22: Our final day skiing, we stayed closer to “home” heading just a bit south to the Sierra Ski ranch which eventual became Sierra-at-Tahoe. Sierra’s longer distance from Lake Tahoe proved to be a boon, as views that included the lake also included beautifull mountains between us and the water. It was an amazing place, and a good choice for our final day of western skiing. Wikipedia: “Sierra-at-Tahoe is a ski and snowboard resort in Twin Bridges, California south of Lake Tahoe. Sierra-at-Tahoe is approximately 16 miles (26 km) south of Stateline, Nevada and 12 miles south of South Lake Tahoe on Highway 50 and is contained within the Eldorado National Forest. Sierra-at-Tahoe (often shortened to "Sierra") is a medium sized ski area in the Lake Tahoe region, and is well known for being a more family oriented resort and also having a high annual snowfall. Sierra-at-Tahoe's terrain is 25 percent beginner, 50 percent Intermediate, and 25 percent advanced. The majority of the ski resorts in the Lake Tahoe region are on the northern end of the lake, near Truckee, California and Reno, Nevada. Sierra-at-Tahoe, Kirkwood and Heavenly are located on the southern side of the lake, approximately 75 miles (120 km) from Reno. It is common for visitors to ski amongst these three resorts when staying in southern Lake Tahoe area and not venture to the northern lake resorts such as Squaw Valley, Northstar at Tahoe, Sugar Bowl. Sierra-at-Tahoe Resort was started in 1946 by Vern Sprock as Sierra Ski Ranch, further down Highway 50. In 1968, the "Ranch" was moved to its present location when the California Department of Transportation began widening Highway 50. The Sprock family operated the resort until 1993 when the resort was sold to Fibreboard Corporation. Fibreboard updated many areas of the resort, including changing the name to Sierra-at-Tahoe Resort. Booth Creek Ski Resorts purchased Sierra-at-Tahoe in 1996.” | Sierra Ski Ranch, Day 4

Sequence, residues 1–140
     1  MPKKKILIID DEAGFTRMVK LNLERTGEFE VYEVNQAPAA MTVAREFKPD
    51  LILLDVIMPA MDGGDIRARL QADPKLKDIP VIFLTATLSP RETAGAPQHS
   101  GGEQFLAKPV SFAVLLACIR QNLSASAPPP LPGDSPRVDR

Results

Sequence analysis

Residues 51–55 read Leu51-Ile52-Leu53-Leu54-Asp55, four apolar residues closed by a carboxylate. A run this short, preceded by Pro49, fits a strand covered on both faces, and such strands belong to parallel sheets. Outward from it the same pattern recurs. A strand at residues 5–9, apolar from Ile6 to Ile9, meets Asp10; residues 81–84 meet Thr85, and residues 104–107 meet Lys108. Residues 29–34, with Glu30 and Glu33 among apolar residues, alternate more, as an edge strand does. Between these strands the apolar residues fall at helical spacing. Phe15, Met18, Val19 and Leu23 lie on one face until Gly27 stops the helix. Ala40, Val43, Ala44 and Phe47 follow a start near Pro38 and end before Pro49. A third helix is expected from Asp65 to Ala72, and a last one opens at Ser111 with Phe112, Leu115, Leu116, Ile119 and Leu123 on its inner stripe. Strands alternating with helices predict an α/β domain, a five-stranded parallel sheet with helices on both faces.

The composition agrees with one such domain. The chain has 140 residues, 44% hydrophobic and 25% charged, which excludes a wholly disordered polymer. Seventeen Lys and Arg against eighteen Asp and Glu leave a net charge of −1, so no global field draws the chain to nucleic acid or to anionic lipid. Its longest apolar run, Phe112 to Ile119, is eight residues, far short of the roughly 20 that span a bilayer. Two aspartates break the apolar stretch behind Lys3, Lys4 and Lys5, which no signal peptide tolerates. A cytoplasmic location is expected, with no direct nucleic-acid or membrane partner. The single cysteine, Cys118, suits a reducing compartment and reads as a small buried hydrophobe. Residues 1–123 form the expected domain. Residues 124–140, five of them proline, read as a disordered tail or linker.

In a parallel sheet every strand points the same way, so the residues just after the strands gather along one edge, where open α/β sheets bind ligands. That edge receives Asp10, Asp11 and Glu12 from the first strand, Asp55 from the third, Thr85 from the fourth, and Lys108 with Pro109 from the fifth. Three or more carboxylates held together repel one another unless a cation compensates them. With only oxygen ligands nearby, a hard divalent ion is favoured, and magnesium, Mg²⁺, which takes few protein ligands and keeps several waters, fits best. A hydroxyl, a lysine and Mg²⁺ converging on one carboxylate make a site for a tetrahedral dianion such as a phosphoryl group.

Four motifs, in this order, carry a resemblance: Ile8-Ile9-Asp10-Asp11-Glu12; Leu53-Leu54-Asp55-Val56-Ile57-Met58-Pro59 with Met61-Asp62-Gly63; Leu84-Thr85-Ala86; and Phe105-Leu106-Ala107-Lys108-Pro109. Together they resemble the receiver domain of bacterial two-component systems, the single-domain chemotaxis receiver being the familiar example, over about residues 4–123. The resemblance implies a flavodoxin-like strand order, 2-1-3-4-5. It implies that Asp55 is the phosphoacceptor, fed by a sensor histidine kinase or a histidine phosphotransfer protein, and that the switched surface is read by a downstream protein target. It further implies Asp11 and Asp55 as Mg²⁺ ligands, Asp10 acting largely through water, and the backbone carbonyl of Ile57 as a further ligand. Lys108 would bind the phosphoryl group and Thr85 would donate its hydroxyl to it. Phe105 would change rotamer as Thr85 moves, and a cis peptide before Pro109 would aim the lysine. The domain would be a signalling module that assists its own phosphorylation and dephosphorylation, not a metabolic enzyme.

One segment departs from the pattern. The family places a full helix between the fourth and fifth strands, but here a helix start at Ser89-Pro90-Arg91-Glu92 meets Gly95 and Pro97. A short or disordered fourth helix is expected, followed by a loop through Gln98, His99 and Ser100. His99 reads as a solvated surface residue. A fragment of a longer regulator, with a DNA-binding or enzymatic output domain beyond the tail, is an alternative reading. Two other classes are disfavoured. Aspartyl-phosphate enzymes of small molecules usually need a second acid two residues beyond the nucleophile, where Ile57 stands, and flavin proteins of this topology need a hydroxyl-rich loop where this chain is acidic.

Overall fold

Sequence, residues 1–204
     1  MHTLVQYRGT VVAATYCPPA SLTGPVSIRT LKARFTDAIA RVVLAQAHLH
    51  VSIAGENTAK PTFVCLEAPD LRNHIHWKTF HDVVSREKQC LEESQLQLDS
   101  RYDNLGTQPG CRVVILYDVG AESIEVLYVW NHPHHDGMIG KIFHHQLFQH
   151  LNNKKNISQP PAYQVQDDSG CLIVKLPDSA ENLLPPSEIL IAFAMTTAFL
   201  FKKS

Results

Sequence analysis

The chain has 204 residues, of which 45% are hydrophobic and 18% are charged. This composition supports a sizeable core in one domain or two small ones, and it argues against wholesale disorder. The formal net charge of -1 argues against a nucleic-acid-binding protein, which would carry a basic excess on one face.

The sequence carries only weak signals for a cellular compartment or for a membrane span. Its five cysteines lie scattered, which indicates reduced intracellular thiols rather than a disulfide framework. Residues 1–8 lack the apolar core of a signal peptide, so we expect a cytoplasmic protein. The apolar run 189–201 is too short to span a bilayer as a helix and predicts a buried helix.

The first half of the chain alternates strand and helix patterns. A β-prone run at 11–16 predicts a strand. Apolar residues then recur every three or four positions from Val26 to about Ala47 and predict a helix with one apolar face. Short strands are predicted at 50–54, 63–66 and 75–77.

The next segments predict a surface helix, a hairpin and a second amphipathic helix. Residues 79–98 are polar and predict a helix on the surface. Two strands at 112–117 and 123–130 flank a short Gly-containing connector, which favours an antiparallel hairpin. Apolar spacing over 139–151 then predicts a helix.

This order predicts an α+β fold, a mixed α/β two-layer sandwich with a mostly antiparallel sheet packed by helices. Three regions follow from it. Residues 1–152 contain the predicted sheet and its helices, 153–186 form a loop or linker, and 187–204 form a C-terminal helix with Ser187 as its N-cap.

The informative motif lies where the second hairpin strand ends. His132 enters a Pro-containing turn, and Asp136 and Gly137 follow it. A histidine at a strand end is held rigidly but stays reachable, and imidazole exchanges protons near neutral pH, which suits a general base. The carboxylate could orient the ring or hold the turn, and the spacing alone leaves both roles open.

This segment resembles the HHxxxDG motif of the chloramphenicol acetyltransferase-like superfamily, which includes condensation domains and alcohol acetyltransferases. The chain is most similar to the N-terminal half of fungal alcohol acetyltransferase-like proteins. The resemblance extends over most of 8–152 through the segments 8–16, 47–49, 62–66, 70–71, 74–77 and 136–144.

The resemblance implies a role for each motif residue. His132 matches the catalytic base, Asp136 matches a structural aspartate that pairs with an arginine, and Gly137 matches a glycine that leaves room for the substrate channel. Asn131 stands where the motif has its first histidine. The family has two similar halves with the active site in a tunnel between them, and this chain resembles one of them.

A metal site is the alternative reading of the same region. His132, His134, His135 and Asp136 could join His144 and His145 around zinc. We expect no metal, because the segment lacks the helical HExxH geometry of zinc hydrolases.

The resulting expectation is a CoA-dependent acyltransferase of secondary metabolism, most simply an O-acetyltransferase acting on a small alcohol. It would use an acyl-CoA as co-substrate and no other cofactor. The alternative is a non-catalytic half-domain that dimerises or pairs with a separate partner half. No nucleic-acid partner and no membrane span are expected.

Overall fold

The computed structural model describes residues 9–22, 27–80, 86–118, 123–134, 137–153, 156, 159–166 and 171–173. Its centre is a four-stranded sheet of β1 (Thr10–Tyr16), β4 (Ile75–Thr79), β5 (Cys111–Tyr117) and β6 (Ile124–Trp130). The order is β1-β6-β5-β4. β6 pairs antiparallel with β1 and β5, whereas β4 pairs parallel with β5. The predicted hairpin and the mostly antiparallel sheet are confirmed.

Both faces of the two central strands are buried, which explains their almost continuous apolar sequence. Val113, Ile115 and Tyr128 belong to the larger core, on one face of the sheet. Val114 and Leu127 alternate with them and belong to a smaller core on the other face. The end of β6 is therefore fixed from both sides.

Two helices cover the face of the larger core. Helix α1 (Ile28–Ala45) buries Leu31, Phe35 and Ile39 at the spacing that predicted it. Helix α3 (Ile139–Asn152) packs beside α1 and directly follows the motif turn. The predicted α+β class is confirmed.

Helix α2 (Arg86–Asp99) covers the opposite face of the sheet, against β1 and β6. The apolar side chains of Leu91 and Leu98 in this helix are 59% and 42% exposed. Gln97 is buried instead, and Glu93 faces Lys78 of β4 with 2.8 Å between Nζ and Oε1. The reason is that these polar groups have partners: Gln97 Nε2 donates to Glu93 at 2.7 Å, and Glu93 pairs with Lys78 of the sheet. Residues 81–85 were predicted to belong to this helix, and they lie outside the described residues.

24: OUTDOORS | Our forth and last day, the weather was once again beautiful with only the occasional puffy white cloud to break up the sparkling blue of the sky. Above and opposite, some of the vistas and vantage points that we had an opportunity to enjoy. To the right, Joe and Curt stop to pose in front of a trail map sign. Above them you can see one of the many chair lifts that with this one exception eluded our camera.

30: must come to an end. Our ski trip to Tahoe, a short 4 days on the slopes ended on Tuesday, 3/16/89, when we had to head back toward Reno for our flight to Washington via Denver. | We had one more adventure, as a good old fashioned snow storm let loose upon us, closing the mountain roads to all but adventurous four wheel drive or chain equipped vehicles. Our rental car lacked both, so we did some last minute shopping and soon enough we owned a set of chains that fit our rental car and we figured out how to use them. (We also got to store those chains for years in a box in the basement.) The trip from Tahoe to Reno was completed safely, though not without a few of white knuckles to match the newly decorated scenery. The flights were uneventful. | All Good Things...

32: Reno Airport thoughtfully arranged for some one-armed bandits to make a little quick gambling easy to arrange while waiting for a flight | Its hard to see in the dim lighting of the Reno airport, but among the decorations, a Curtiss biplane was hung from the ceiling. Hey, did you actually expect me to write something interesting about an airport?

33: The Boeing 727 that took us from Reno to Denver. This model was one of the few to mount three engines on the tail.

34: Flying out of Reno, Nevada

35: Somewhere between Reno and Denver

37: One more beautiful view. Opposite: Approaching Denver from the air.

40: While I can claim to be neither the photographer nor the skier, I can claim to have skied these slopes and seen these views.